Pearl Harbor, Hawaii
Just before 8 a.m. on Sunday, Dec. 7, 1941, hundreds of Japanese planes made the surprise raid on Pearl Harbor. During the attack, which was launched from aircraft carriers, nearly 20 American naval vessels, including eight battleships, were damaged or destroyed, as well as more than 300 aircraft.
The official American death toll was 2,403, including 2,008 Navy personnel, 109 Marines, 218 Army service members and 68 civilians. Of the dead, 1,177 were from the USS Arizona, the wreckage of which now serves as the main memorial to the incident. Fifty-five Japanese soldiers also were killed.
The total number of wounded was 1,143, including 710 Navy, 69 Marines, and 364 Army and 103 civilians.
Until the raid, the U.S. had been reluctant to join World War II, which had started on Sept. 1, 1939, after Germany invaded Poland.
Pearl Harbor reversed that in a day, with Congress issuing a declaration of war after Roosevelt’s speech on Dec. 8, 1941. After the Pearl Harbor attack, most Americans no longer disagreed about isolationism, neutrality or involvement in World War II. American unity clicked into place.
“Yesterday, December 7, 1941—a date which will live in infamy—the United States of America was suddenly and deliberately attacked by naval and air forces of the Empire of Japan.”
He went on to say, “No matter how long it may take us to overcome this premeditated invasion, the American people in their righteous might will win through to absolute victory. I believe I interpret the will of the Congress and of the people when I assert that we will not only defend ourselves to the uttermost, but will make very certain that this form of treachery shall never endanger us again.”
The exact number of survivors is unclear, “But today, we memorialize all those lost on December 7, 1941, declare once again that our Nation will never forget these valiant heroes, and resolve as firmly as ever that their memory and spirit will survive for as long as our Nation endures.” – Proclamation on National Pearl Harbor Remembrance Day, 2020.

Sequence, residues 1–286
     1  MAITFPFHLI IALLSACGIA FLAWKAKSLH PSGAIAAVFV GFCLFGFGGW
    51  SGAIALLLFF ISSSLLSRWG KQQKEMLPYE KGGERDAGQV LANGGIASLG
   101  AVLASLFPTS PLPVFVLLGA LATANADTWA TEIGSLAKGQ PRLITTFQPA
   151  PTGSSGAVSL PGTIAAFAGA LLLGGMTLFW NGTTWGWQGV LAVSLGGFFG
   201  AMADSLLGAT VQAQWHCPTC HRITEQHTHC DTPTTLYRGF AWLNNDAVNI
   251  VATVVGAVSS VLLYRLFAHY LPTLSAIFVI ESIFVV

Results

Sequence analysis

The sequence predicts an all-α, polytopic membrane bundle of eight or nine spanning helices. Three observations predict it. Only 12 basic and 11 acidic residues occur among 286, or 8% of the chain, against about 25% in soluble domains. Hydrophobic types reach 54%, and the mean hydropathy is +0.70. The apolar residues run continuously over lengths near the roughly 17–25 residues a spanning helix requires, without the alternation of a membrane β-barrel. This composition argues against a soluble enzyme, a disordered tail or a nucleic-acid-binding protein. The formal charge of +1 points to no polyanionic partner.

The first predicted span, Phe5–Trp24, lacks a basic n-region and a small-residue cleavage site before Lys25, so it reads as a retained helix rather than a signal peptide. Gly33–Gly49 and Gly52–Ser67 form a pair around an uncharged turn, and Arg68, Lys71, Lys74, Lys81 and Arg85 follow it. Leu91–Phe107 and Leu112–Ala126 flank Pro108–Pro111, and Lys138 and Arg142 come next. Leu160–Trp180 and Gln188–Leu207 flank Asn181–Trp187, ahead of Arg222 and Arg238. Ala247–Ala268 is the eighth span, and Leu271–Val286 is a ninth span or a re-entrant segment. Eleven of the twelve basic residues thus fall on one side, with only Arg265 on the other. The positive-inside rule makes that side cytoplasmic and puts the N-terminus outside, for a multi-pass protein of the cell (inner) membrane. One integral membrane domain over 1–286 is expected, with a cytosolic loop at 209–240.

Pearl Harbor was the beginning, for many, of years serving and defending our Country. In December of 1941, Dick Cole was a 2nd Lt. in the Army Air Corp Reserves assigned to the 17th Bomb Group at Pendleton, Oregon. On the 5th of December he left on a three day pass and was in Hollywood when her heard the news the the Japanese attacked Pearl Harbor. Tom Griffin was training as a Celestial Navigator and Pendleton. He remembers that there were no rooms for Officers on the field so many officers had to rent rooms in town. At 3:30 pm on December 7th, he along with several friends, heard from an excited townsperson about the attack. Later that evening as they were in a local movie theater they stopped the movie and a man came up on stage and said that all the airmen had to report to the field, immediately. Jack Sinise, a WWII Lead Navigator on B-17s with 35 missions. He was 17 when he decided to join the regular Army and study meteorology, “Then Pearl Harbor came along.”
Hear from these heroes about their “My Pearl Harbor Day” and how it was the beginning to their military service and how it changed their lives forever.